“This technique involves uploading a DNA profile from the crime scene to one or more genetic genealogy databases in an attempt to identify an offender’s genetic relatives and locate the offender in their family tree,” the Indiana State Police said in a release from Tuesday. “Through this process, Greenwell was matched with a close family member. Through this comparison, it was determined that Greenwell is more than 99.99 percent likely to be the individual responsible for the attacks.”
The first woman known to be a victim of the I-65 killer was Vicki Heath, a 41-year-old mother of two who was recently engaged before being found dead by the trash cans behind the Super 8 Motel in Elizabethtown, Kentucky, on February 21, 1987. She had been attacked and shot twice in the head with a .38 caliber handgun.
The killer’s second and third victims were both killed on the same day: March 3, 1989.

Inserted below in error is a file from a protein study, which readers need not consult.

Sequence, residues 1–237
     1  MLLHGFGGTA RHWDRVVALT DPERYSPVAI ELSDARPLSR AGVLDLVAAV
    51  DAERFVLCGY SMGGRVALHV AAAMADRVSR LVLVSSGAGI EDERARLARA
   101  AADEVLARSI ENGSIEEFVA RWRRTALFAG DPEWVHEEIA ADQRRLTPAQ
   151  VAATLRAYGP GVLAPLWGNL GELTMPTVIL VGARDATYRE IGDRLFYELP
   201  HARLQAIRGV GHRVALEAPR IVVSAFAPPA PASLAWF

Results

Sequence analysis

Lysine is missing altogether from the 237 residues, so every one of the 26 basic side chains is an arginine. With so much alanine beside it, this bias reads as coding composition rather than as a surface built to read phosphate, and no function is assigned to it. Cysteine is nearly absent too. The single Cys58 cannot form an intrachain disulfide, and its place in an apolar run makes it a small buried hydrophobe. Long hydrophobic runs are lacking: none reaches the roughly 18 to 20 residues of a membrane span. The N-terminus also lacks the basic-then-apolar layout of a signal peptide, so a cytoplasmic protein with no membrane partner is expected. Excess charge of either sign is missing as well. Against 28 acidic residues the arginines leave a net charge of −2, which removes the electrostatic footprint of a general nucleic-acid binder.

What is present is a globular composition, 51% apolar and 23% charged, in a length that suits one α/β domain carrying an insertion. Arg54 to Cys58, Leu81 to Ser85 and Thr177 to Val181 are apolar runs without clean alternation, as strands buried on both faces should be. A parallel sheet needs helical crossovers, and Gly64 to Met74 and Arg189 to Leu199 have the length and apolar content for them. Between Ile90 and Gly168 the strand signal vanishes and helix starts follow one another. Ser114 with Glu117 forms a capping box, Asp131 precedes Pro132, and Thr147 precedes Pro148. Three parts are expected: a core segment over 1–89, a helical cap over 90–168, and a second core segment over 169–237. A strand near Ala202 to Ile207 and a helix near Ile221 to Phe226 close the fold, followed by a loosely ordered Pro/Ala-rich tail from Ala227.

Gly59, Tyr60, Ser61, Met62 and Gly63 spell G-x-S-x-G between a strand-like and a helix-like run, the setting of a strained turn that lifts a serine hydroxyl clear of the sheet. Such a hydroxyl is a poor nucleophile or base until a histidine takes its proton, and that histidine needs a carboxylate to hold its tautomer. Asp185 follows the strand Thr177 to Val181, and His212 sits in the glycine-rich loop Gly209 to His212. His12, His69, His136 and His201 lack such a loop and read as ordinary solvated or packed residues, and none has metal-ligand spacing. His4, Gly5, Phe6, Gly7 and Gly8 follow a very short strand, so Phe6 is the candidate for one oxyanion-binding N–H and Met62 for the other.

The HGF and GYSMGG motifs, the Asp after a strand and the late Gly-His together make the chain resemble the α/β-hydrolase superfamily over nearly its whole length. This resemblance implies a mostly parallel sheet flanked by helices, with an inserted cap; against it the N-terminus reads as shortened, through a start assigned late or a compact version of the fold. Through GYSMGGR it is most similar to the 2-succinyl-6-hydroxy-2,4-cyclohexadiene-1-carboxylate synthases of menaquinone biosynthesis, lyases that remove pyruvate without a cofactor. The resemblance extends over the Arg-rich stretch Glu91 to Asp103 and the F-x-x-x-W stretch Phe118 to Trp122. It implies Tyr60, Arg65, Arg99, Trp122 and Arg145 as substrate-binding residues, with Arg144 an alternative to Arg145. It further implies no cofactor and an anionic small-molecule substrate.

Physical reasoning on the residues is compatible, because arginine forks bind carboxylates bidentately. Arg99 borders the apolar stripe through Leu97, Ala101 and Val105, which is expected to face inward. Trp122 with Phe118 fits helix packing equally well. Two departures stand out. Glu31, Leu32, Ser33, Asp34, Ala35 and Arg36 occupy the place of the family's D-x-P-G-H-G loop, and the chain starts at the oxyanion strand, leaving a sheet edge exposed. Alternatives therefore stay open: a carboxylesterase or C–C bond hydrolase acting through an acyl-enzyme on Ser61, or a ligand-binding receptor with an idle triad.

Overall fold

Mary “Peggy” Gill, 24, a night attendant at a Days Inn motel in Merrillville, Indiana, was found dead in the building’s parking lot by a passing motorist. Jeanne Gilbert, 34, a mother of two, who also worked as a part-time examiner at the Remington Days Inn, was also fatally shot with the same .22 caliber gun. The attacker had robbed both premises and made off with a total of $426.
A fourth woman, who worked the night shift at a Days Inn motel in Columbus, Indiana, was sexually assaulted and stabbed to death in 1990 but managed to flee the scene. This woman, known only as Jane Doe, gave police a composite sketch that described a man with greasy gray hair, a lazy green eye and a beard.
This sketch was the only lead for decades, until DNA evidence linked Greenwell to the crimes.
When Jenkins died in 2013, his obituary gave no inkling of his supposedly dark past. It described him as a family man, farmer, do-gooder and generous soul after he died in Iowa after a battle with cancer – and wrote that he had “many friends who loved his righteous attitude and his willingness to help someone.”